HSAs also work for lower-income individuals

Kaiser Health News, in conjunction with the PBS News Hour, has an article on “Quick Facts About High-Deductible Health Plans.”  It is refreshing to see coverage of this increasingly popular form of health coverage.  America’s Health Insurance Plans reports that enrollment reached more than 11.4 million in January 2011, up from 10 million in January 2010.

While most of the article provides accurate information about the value of these plans, Paul Fronstin of the Employee Benefit Research Institute is quoted as saying, “The plans are problematic for low-income individuals, especially those with chronic conditions, such as diabetes.”  He says that the  says “HSAs/high-deductible plans have a ‘straitjacket design’ in which consumers are responsible for paying the full-dollar amount of their medical expenses until they meet their deductible. People with health problems can have the toughest time meeting the deductible, because their illnesses can keep them from working.”

Most employers who set up HSAs/high-deductible health plans provide a contribution toward the Health Savings Accounts to help employees with the costs of care below the deductible.  Sometimes employees “earn” these deposits by getting health assessments, joining gyms, or taking classes to help them stop smoking and lose weight.  This engages employees as partners in managing their health care and their health spending.  Because unused deposits roll over from year to year, employees can accumulate savings in their accounts to help defray the deductible and even provide funds to continue their insurance contract if they leave or change jobs.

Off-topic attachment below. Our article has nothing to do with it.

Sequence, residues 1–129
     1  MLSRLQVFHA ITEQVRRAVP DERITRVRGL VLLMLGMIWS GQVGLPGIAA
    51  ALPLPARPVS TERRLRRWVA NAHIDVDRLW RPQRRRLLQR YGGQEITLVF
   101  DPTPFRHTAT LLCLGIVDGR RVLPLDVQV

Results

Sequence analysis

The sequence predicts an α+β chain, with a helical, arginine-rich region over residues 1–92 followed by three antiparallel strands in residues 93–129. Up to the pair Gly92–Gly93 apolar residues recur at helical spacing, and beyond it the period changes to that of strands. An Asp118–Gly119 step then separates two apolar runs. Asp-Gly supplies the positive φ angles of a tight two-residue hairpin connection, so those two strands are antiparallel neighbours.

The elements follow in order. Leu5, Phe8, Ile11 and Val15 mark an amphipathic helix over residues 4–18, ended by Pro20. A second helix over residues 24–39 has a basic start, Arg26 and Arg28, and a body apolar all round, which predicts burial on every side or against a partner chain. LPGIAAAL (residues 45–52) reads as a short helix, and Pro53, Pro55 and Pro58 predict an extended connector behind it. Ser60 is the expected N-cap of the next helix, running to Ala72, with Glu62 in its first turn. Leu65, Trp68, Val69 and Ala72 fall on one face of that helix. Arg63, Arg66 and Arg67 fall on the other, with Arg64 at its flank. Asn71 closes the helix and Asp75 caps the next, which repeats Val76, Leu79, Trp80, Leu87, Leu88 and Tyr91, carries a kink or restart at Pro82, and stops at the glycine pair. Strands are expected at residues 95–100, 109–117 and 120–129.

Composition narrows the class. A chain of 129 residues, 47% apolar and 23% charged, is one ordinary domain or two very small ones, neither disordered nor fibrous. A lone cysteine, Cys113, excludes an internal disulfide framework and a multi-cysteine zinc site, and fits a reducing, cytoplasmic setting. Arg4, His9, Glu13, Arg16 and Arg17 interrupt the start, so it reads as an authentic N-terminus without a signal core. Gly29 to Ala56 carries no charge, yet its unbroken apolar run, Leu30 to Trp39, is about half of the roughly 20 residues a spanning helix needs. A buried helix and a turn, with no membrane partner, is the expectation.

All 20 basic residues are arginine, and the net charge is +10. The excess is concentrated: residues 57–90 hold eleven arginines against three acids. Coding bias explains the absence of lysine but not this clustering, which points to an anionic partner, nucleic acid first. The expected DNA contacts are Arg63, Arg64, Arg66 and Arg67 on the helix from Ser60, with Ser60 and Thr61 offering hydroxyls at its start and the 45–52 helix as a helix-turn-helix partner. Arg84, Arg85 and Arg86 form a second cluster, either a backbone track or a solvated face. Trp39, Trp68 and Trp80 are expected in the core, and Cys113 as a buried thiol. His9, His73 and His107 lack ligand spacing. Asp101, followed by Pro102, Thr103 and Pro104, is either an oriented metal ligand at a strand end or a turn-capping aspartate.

Help with deductibles can also be part of public-sector programs. For example, the HSA-like model that Gov. Mitch Daniels designed in Indiana requires the state and the individual to contribute toward the $1,100 spending account, and the lower the person’s income, the greater the proportion the state contributes.

I think it is inaccurate to say that these plans put people in a “straightjacket” that particularly disadvantages low-income people.  Employers and others offering these plans work hard to provide them with resources to help with the deductible as well as providing access to preventive care services outside the deductible as part of the insurance contract.

Further, people with chronic conditions often find that HSAs are the best insurance arrangement for them.  Their out-of-pocket costs are capped, the insurance is general more comprehensive and provides better access to physicians, and they can plan their health spending because they know just what their out-of-pocket costs will be.